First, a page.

“In a neighborhood like Oakland, simply increasing the supply of market-rate units doesn’t put a dent in the affordability of older properties, whether for homeownership or rental. In fact, it increases prices across the board, since here the gentrification pressure comes from the bottom of the market, not the top. Oakland needs every tool in the toolbox to incentivize the construction of affordable units. IZ is essential to preserving communities, locating working people close to the places they work, and ensuring a vibrant and resilient future for our neighborhood,” said Andrea Boykowycz, Assistant Director of Oakland Planning and Development Corporation.
Pittsburgh’s inclusionary zoning ordinance went through a robust, extensive process with local and national experts and the community, receiving overwhelming support in the neighborhoods where it has been implemented and winning unanimous approval from the City’s Planning Commission and City Council. In Lawrenceville, it has already set the stage for 40 new units of affordable housing, with more projects in the works in Lawrenceville, Bloomfield, and Polish Hill. Councilwoman Deb Gross, who introduced the ordinance, has repeatedly lauded it as a successful example of residents driving policy to realize their vision for their neighborhoods.
Said David Breingan, Executive Director of Lawrenceville United, “As Mayor Gainey’s transition team made clear, more can and should be done to address the affordable housing crisis in Pittsburgh. Despite BAMP and NAIOP’s evidence-free claims and many factual errors, inclusionary zoning is a sensible, proven policy that’s already working and will help Pittsburghers who are disproportionately hurt by the costs of displacement and rising rents.”
“Pittsburghers in every neighborhood in the city want a safe, secure place to call home. Yet here in our ‘most livable city,’ a lack of affordable housing is reaching crisis levels. This most basic of human needs – shelter – is put out of our reach to turn a quick profit for the corporate developers who make up special interest groups like BAMP. If we truly want Pittsburgh to be the most livable city for all of our residents, we need solutions like inclusionary zoning,” said Monica Ruiz, Executive Director of Casa San José and co-chair of the Gainey Transition Committee on Equitable Development.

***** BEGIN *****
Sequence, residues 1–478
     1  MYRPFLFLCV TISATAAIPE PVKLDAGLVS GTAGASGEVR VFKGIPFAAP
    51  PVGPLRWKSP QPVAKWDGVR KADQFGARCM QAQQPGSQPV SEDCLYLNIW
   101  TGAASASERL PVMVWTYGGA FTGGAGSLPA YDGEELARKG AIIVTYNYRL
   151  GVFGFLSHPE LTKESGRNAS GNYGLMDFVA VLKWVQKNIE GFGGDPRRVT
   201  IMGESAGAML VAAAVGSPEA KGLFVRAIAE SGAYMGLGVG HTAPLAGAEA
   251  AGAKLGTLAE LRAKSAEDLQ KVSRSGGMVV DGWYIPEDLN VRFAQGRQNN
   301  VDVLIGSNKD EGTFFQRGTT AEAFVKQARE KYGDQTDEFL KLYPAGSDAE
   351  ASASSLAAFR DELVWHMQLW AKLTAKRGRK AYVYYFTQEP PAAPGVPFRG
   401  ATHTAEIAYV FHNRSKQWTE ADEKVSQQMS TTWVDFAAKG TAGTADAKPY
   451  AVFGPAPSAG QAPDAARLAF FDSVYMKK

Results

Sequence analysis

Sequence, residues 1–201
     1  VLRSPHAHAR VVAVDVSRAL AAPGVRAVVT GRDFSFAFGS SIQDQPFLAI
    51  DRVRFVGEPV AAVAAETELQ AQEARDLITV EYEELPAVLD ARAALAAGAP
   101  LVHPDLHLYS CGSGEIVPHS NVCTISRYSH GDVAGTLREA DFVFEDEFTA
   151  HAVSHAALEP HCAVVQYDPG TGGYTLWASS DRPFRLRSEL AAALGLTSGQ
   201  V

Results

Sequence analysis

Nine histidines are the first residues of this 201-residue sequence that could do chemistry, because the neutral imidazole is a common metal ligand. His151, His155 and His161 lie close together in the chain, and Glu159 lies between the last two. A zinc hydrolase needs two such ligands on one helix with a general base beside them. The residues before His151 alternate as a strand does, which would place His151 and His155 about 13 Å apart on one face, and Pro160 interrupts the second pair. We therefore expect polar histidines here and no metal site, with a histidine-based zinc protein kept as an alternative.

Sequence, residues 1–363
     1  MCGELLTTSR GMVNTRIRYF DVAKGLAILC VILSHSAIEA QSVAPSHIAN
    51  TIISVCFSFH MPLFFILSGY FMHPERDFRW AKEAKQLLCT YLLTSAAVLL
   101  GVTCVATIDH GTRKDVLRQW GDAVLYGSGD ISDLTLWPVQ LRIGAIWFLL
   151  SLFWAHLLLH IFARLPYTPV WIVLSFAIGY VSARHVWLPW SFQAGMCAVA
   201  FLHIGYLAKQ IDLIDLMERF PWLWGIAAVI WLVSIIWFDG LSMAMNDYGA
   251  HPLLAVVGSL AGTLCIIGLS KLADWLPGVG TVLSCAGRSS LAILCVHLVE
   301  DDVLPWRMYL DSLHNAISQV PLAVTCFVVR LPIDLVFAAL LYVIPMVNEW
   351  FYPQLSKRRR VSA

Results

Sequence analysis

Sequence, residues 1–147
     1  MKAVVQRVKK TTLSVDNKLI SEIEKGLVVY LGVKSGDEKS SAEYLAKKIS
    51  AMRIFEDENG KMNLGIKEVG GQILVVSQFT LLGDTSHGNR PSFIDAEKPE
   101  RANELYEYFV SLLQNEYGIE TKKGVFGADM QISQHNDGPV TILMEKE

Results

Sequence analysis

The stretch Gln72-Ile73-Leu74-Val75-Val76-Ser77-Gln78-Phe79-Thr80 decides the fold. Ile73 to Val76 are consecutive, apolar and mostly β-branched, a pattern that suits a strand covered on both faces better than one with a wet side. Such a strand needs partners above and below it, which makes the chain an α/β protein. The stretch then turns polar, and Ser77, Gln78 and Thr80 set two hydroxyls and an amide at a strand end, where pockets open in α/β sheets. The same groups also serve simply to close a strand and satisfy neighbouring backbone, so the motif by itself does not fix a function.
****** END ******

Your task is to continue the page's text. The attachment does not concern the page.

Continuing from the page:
Pittsburgh United, Lawrenceville United, Lawrenceville Corporation, Polish Hill Civic Association, Oakland Planning and Development Corporation, Casa San José, Bloomfield Development Corporation, and Pittsburgh Community Reinvestment Group (PCRG) are calling on Mayor Gainey and City Council to stand by their mandate to build a “Pittsburgh for all” by vigorously defending the inclusionary zoning ordinance against this baseless legal challenge, expand mandatory IZ City-wide, and aggressively pursue other policies to address the affordable housing crisis in Pittsburgh.
Many developers have easily complied with inclusionary zoning in other cities and are proud to meet community needs. Now is the time for members of BAMP and all community-minded builders and developers who do business in Pittsburgh to speak out against BAMP’s regressive attacks against common sense, community-driven housing policies like inclusionary zoning.
The groups demand that BAMP stop their attacks against working class families and good, lawful housing policy and withdraw their legal challenge to inclusionary zoning immediately. Instead of throwing temper tantrums and filing baseless lawsuits that will waste taxpayer resources, they — and all of Pittsburgh — would be better served if they would work with housing advocates and
neighborhood organizations to create real solutions that address Pittsburgh’s housing crisis and promote inclusive, mixed-income communities with opportunities for everyone.